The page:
The records as regards improvements in the olden time are not complete, but enough is known to note that the first made was the substantial house of Mayor Brent, at 12th street and Maryland avenue, and Frederick Kellar, long a clerk in the general land office in the twenties, had his home here. At the same period Capt. Charles Walker of the steamer Washington, the pioneer of the southern mail line, had his residence on the north side of E street east of 11th street; and west of him was the well known Luke Richardson, then engaged in the chicken business and long after a resident of the Thomas Circle neighborhood. Samuel Wimsatt, then a wood corder and lumber dealer and a leading lumber merchant, subsequently establishing the business which his sons have continued, then had his home on 11th street north of E street. John N Ford had a carpenter shop on F street in the thirties. Mrs. Jane Franzoni had a home on D street east of 10th street in 1829; Noaly Jones, a colored sawyer, had ten years before erected a home at 10th and E streets; William Deming five years before had bought two frame houses on E street; Peter Hepburn, carpenter and builder, moved from the Long bridge neighborhood to F street between 9th and 10th in 1837 and had his shop at 10th and E streets. Capt. James Guy, long connected with the river and bay steamers, lived on F street near 9th street.
In the Assessor’s Book
It will be seen from the following that by 1845 there had been a good healthy growth, especially along 11th and F streets and numbers were prominent in the up-building of the community. Among others there was George Pag, by occupation a machinist, who settled first on E street between 11th and 12th, and afterward on the south side of F street, between 6th and 7th streets, establishing a mill, and in the 50’s branched out, starting a shipyard at the foot of 7th street. Kelly Lambell was a neighbor at that time, engaged in shipbuilding at the foot of 9th street and later in life in the brickmaking business. Dr. Daniel B. Clark, who died recently, in 1843, established a drug store on the east side of 11th street south of D street on a capital of a few hundred dollars, and in a few years bought the lot at the corner on which was erected the Potomac Hall building, where he was engaged in business a number of years. The hall was long used for social and society purposes, and in 1852 was the armory of the Continental Guards, of which Ephraim Wheeler, Peter Wilson and John L. Smith were the successive captains. Dr. James E. Morgan, now dead, as a young physician had his home and office on the east side of 11th street between E and F streets, later removing to the former residence of Mayor Brent, at 12th street and Maryland avenue. Dr. Morgan served long on the school and health boards and was as popular as a public-spirited resident as a valued physician. George C. Henning, well known in business circles and long president of the late Traders National Bank, was boy of this section, living on 11th and E streets. Capt. James Mitchell of the Norfolk steamer Osceola and Capt. Charles E. Mitchell of the Southern Mail line lived on 11th street between E and F streets, as did John Riley, the chief engineer of the Mail line, who, with Capt. C.E. Mitchell, served in the Potomac flotilla during the war. William F. Purcell, judge of the Orphans’ Court for many years, was on the west side of 11th street, as also Robert F. Magee, who held the position of harbormaster subsequently, and L. Belzarius, shoemaker. John W. Martin, blacksmith, had his home at the corner of 11th and E streets, and afterward built a large coach and wagon factory. James Griffith, a tailor, and Mrs. Susan Norris were also on the west side of the street.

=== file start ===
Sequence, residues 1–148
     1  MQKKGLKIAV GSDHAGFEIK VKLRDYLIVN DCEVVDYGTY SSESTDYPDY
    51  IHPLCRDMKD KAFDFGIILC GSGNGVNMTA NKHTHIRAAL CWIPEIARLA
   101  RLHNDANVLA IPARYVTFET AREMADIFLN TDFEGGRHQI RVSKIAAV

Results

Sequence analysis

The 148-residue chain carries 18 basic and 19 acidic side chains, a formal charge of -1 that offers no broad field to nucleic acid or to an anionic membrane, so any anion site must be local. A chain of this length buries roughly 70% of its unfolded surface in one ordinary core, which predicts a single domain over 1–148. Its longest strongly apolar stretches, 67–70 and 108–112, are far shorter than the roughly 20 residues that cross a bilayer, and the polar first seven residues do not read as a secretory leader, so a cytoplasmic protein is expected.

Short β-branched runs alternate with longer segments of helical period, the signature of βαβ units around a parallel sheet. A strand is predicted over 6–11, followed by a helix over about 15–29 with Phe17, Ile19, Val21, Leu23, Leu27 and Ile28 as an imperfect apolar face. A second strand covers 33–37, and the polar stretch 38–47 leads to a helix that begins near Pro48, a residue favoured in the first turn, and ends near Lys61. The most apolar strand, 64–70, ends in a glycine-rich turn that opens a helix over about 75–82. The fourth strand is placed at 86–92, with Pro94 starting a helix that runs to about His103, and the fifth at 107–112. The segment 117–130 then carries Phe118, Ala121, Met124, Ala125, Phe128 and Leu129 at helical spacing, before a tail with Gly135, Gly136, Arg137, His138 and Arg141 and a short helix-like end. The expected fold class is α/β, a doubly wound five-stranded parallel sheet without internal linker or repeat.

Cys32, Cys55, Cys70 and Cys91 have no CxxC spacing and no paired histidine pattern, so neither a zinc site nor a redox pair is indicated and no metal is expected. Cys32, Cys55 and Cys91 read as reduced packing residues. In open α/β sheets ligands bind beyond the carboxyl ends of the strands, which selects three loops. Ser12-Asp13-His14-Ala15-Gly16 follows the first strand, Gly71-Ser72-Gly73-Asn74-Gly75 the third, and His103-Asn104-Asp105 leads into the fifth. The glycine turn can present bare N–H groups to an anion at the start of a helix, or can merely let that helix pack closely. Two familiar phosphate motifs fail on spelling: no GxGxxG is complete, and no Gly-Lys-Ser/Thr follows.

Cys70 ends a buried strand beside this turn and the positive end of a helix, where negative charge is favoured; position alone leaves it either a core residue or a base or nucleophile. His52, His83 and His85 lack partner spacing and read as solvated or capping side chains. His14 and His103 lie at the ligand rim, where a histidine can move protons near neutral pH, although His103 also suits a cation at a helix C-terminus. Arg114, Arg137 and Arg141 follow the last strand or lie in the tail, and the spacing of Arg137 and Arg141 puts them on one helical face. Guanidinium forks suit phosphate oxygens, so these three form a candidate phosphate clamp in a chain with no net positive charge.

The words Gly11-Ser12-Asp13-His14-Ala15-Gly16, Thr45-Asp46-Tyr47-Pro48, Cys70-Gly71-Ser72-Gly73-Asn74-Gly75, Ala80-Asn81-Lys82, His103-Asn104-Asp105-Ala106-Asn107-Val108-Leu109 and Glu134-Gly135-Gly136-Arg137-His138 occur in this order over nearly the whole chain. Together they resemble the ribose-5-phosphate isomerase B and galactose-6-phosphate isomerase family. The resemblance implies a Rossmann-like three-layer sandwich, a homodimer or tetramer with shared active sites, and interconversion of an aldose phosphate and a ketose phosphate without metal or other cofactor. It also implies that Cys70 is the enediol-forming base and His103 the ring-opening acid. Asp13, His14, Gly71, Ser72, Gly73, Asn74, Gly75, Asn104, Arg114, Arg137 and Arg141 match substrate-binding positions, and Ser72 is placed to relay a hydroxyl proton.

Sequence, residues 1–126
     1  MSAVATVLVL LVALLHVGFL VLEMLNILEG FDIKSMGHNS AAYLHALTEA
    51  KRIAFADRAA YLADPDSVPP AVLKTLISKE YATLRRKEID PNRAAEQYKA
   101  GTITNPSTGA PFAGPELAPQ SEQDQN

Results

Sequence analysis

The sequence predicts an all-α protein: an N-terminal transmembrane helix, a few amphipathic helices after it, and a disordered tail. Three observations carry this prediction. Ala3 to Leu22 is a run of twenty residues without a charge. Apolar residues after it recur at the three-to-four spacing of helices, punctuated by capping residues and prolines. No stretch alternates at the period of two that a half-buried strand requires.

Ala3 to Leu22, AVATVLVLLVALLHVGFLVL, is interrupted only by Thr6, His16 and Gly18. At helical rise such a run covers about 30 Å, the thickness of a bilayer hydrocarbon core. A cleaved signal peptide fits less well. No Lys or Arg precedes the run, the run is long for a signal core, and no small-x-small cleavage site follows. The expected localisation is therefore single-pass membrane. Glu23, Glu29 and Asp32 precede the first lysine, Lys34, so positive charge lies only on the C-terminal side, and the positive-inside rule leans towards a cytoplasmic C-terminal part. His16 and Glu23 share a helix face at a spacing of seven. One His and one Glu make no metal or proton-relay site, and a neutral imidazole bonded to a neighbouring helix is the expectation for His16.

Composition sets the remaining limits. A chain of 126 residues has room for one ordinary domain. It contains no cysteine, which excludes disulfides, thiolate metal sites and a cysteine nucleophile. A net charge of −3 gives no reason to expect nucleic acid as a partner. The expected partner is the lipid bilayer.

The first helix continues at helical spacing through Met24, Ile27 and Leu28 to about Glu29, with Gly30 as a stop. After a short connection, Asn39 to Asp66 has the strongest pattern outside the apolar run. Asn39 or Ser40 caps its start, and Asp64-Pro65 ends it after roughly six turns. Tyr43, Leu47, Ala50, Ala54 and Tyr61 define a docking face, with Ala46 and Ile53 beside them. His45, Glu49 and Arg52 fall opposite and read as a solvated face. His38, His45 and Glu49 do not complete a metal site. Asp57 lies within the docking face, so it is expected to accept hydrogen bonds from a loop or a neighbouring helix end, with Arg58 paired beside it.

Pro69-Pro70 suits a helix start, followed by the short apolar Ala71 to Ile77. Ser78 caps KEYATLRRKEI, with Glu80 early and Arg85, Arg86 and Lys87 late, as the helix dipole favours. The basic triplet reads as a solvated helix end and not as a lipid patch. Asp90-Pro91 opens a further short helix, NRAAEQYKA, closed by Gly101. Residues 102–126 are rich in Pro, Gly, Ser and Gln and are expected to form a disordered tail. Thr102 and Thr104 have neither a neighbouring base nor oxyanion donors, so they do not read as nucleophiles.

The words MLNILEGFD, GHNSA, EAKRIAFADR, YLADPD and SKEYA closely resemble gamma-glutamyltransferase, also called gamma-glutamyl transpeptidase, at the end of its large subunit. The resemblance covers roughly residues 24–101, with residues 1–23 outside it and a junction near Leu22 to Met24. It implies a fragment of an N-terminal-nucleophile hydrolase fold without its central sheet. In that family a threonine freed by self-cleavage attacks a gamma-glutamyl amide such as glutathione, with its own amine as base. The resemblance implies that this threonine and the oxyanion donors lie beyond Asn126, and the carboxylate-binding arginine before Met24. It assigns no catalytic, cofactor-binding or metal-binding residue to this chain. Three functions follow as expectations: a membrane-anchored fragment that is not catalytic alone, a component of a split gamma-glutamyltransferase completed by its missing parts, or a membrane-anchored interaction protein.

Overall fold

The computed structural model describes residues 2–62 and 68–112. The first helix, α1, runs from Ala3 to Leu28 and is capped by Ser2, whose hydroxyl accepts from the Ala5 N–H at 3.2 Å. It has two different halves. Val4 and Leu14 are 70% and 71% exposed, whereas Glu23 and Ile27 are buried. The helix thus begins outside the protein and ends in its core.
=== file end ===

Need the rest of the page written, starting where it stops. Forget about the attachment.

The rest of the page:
On the east side of 11th street were the grocery stores of Mrs. Ann Simms, Benjamin Magar and B. Leddon; the bakery of Cyrus Wineberger, the shoe shop of W. Whitemore; James Barber, tinner; Richard Braxton, Lewis Thomas, Mrs. Rumpff, William Marshall, ship carpenter; Robert Lawrence, Mrs. Merica, William Leach, draw tender on the Long bridge, and James Collier.
On F street between 9th and 10th streets were J.A. Bowen’s feed store. Alexander Adams’ grocery, David Hepburn, carpenter; W. Homer, Mrs. Jacobs, Simon Frazier, William Cook, painter; Charles Croggon, Isaac Croggon, Cyrus Smith, pumpmaker, and Gillis R. Taylor. Between 10th an 11th streets was Joseph Stephenson, engaged in the local express business, who afterwards established the Blue Line express, the father of the well known Stephenson Brothers, long in the lumber and steamboat business at the foot of 7th street. John B. Cornwall lived adjoining.
Church on 10th Street
At the corner of 10th and D streets two lots were bought of Barzila A. Smith October 4, 1843, as the site for a Methodist Episcopal church, the consideration being $500, and the grantees were William Ryland, French S. Evans, George Crandell, William Lloyd, William Bird and C.W. Boteler, trustees. The name of Ryland was selected to honor the first named, who had aided the enterprise financially and otherwise, being a minister of the church and a chaplain in the navy.
Mrs. Jane Gray was the sole resident on the south side of D street between 10th and 11th streets.
Along D street east on the church there had been some settlement, but far from a solid front was presented. In addition to Mrs. Franzoni, Misses Cooper, Garrett and Hatch’s residences William Burroughs had erected a home and carpenter shop and later moved to the north side of Maryland avenue. There were then here David Westerfield, a carpenter; Mrs. Mitchell, James White and F.A. Cadick. Facing the intersection of Maryland and Virginia avenues the situation was much appreciated before the railroads came.
Of those named the Cooper, Hatch and Stephenson families are still represented, and others here in 1850 are few and far between.